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Ornstein On The Economy's Moral Hazard Meltdown

Norman Ornstein is a fellow at the American Enterprise Institute and the author of The Broken Branch: How Congress Is Failing America and How to Get It Back on Track, with Thomas E. Mann.

Two key words have been largely missing from the debate over our financial crisis: moral hazard. Moral hazard is a concept used by economists for situations where no adverse consequences flow from risky behavior or failure; and where wrongheaded risky behavior that goes unpunished begets even more wrongheaded risky behavior.

Investment in a market system is supposed to balance risk and reward. Riskier investments yield higher returns--and safer investments yield smaller ones. But either way there is a risk that the investor may lose part, or all, of an investment.

The mortgage meltdown was driven by the erasure of the moral hazard formula, in two ways. First, there were the banks and brokers who offered mortgages to homeowners and then quickly sold these mortgages to others. If these banks and brokers had held onto the mortgages, they would have had a strong incentive in preventing defaults. But when these banks passed along their mortgages, that incentive diminished. The long-term solvency of their loans became somebody else's problem.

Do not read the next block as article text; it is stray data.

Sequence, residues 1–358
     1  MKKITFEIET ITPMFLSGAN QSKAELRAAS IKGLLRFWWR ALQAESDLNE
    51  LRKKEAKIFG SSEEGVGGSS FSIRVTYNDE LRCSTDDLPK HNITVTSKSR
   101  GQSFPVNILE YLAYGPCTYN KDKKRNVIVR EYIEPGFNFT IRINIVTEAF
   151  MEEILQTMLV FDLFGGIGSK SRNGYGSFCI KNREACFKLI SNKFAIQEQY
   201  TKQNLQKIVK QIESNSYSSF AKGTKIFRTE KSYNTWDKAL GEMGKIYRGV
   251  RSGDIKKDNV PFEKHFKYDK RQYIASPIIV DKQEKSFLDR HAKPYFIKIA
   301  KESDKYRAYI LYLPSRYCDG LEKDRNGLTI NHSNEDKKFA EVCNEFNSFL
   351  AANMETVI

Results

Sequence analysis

Of course, the entrepreneurs who bought these loans weren't suckers. They had their own idea. They could scoop up oodles of these mortgages--higher risk, higher interest rates--and package them together into complex financial instruments, which the ratings agencies deemed ultra-safe AAA. They then could re-sell them on the theory that even if some individual loans might go bad, the overall risk to the instrument was tiny. Even the most sophisticated investment professionals accepted the AAA rating without question and bought eagerly into the theory.

As we begin to contemplate reforming the financial system, there are a few important question to consider: Why didn't anybody blow the whistle on this scam--or at least alert the public to the risks that it posed to the whole financial system? Why did so many people credulously invest faith in the ratings agencies? (Actually, Congress should hold hearing on the methods and practices of the ratings agencies straight away.) Why did no one in authority heed the voices warning about Fannie Mae and Freddie Mac? Why did Congress not see the danger in credit default swaps, which it shielded from regulatory scrutiny?

When we ask these questions, we need to begin to re-insert the concept of moral hazard back into the conversation--and it must become a core concept of governance in the next regulatory regime. The most important thing when restoring the long-term health of the financial system is to recreate the balance between risk and reward, and between benefits for exemplary performance and punishment for malfeasance or nonfeasance.